Our Mercury

Vue Weekly
October 6, 2016

When Up + Downtown Music Festival’s artistic director, Brent Oliver, contacted Our Mercury about doing another show, it was the last thing on any of their minds. It’s been almost 10 years since the band parted ways, and just as much time since the release of their last record, Haunted by Your Love. With so much time away, Ben Stevenson (guitar/vocals), Dan Laxer (bass), John Watson (drums), and Eric Budd (guitar/keyboard), are soaking up the new challenge of playing together again with their upcoming midnight set at The Brixx.

“We’ve all moved in so many different directions,” Stevenson says. “So it’s been an interesting exercise to come back to your old self and re-do what you were doing before.”

For Oliver, the suggestion from a member of the festival’s board of directors, Ryan Rathjen, spurred his interest. Their fondness of the band going back many years was a big reason for reaching out to them, and felt they’d be a perfect fit for the festival’s eclectic lineup.

“First and foremost I’m a fan,” says Oliver. “I’ve always been a big Our Mercury fan and I really like Ben’s solo stuff. I helped out Aaron Getz with the Hot Plains Festival a couple of years back and he always wanted to get local bands back together for it. I thought that was a really great idea.”

Our Mercury’s history in the Edmonton music scene goes way back, with Stevenson, Laxer, and Watson starting the punk band Misdemeanor around 1995. They would later change their name to Our Mercury, with Budd joining the group around 2000. With Stevenson and Laxer being back in Edmonton, the guys find themselves reminiscing about their time in the local punk scene.

“I miss the camaraderie of the scene and the community that was out here,” Stevenson says. “It’s very different now. I still have good people that I know and work with in Toronto, but that sense of community is just different when you get older.”

The band is a bit discouraged from calling this a “reunion” show, citing bands from the past that get back together for a quick cash grab. While they may not have any plans of doing any more shows together down the road, they love the idea of getting a chance to play when the time feels right.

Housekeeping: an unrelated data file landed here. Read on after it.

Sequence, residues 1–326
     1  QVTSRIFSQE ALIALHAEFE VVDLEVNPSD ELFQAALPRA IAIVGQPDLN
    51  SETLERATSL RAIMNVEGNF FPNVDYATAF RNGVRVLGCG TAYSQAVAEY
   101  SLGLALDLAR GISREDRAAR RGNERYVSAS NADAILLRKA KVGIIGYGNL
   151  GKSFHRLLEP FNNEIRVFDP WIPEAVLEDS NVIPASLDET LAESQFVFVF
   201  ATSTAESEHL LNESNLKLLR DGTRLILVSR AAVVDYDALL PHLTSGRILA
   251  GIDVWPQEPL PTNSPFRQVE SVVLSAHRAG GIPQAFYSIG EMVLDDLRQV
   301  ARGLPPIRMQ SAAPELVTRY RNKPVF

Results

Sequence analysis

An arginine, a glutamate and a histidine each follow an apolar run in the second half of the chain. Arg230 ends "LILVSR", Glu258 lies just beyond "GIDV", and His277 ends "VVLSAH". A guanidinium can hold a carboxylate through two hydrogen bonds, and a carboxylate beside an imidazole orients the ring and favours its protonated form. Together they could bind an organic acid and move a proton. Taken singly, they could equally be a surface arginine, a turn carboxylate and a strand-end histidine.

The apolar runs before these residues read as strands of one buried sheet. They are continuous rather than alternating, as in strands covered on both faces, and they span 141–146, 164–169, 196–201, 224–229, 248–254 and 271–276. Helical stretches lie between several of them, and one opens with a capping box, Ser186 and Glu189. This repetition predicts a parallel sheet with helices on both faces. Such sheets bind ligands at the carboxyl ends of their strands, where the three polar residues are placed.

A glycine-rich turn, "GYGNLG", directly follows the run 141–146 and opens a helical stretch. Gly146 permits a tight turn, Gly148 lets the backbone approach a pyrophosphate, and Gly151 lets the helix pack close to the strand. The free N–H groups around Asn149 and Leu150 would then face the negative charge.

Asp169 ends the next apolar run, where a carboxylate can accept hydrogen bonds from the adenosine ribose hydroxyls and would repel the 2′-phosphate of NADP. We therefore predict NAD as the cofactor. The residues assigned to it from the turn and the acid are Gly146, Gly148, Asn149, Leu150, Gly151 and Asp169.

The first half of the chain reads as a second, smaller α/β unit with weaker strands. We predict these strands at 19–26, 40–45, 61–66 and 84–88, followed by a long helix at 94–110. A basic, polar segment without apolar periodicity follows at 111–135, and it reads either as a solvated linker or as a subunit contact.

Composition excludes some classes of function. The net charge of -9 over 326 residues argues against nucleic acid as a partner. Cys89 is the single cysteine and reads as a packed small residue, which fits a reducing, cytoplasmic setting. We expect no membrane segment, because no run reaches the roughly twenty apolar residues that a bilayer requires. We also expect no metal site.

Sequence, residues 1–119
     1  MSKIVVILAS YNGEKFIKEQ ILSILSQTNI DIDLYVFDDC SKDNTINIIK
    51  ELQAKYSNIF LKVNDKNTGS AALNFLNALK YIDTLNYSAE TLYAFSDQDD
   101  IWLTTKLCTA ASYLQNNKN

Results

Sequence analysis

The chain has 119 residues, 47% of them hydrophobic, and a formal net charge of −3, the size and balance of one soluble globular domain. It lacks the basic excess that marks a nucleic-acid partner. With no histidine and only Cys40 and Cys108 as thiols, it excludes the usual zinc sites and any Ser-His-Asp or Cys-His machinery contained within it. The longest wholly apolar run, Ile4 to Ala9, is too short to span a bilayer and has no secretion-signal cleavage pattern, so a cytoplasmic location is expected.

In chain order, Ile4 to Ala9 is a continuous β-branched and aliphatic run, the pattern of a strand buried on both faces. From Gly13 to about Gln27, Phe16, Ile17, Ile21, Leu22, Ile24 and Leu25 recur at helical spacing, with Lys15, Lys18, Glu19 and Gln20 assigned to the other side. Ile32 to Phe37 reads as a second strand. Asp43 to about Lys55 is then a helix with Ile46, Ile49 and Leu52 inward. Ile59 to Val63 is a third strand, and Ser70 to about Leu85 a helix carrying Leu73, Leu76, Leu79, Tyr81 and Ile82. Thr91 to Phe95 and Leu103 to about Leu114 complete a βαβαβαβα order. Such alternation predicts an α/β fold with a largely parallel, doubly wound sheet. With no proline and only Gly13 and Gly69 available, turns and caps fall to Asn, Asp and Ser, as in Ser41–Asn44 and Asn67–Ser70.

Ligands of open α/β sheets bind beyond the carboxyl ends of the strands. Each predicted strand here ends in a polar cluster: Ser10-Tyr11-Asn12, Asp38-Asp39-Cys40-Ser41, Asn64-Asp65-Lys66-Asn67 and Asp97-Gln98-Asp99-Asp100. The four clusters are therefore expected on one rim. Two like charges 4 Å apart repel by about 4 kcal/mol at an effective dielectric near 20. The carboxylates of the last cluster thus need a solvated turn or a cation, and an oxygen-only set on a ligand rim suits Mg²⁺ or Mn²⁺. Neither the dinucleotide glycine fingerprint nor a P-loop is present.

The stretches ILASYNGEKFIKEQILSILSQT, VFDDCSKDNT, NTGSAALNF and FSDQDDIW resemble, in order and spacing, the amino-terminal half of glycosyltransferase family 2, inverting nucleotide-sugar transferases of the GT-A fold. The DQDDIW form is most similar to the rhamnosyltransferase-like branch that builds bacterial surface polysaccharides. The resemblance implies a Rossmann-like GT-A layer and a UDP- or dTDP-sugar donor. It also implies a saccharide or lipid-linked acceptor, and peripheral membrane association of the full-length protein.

“We didn’t want to think of this as a reunion show. It’s just us playing a show, but we happen to be a band that hasn’t played together in a long time,” jokes Stevenson. “We never had a falling out or anything and there was never any bad blood. We’re all really close so for us it’s just awesome to get to hang again.

Laxer and Stevenson have been away from Edmonton’s music scene for sometime now, both currently calling Toronto home. Laxer went on to receive his PhD in history, studying the music of early Canada and the fur trade. Stevenson released the critically acclaimed EP Dirty Laundry in 2014, garnering a Juno nomination for Best R&B/Soul Recording; Stevenson will also be doing a solo show the following Sunday at Yellowhead Brewery with local boys Altameda.

While prepping for their upcoming show at the festival and reminiscing about favourite gigs of the past—their packed and sweaty 2010 show at the much beloved local venue, The Artery, stands out as a favourite for Laxer—the guys are grateful for a chance to revisit old songs and see friends that have followed their careers up and until this point.

“It’s cool that people are still interested in us playing,” Stevenson says. “It’s been almost 10 years since we split up so it’s just wild that people are still down to hear us play.”

Laxer echoes the same sentiments and is grateful for the chance to step away for a bit and be around people who helped shape the community he was a part of many years earlier.

“It’s been great to be back in Edmonton,” he says. “It’s beautiful here right now. I get to see old friends again and be around people that mean so much to me. As much as this was the last thing on our minds, at the same time it’s always on our minds.”